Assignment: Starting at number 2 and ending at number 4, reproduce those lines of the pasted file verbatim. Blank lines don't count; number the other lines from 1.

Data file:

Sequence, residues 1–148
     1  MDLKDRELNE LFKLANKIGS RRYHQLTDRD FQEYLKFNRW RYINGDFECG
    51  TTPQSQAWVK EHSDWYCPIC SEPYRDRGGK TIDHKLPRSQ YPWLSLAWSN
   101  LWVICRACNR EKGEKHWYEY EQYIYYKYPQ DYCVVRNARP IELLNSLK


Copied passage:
     1  MDLKDRELNE LFKLANKIGS RRYHQLTDRD FQEYLKFNRW RYINGDFECG
    51  TTPQSQAWVK EHSDWYCPIC SEPYRDRGGK TIDHKLPRSQ YPWLSLAWSN
   101  LWVICRACNR EKGEKHWYEY EQYIYYKYPQ DYCVVRNARP IELLNSLK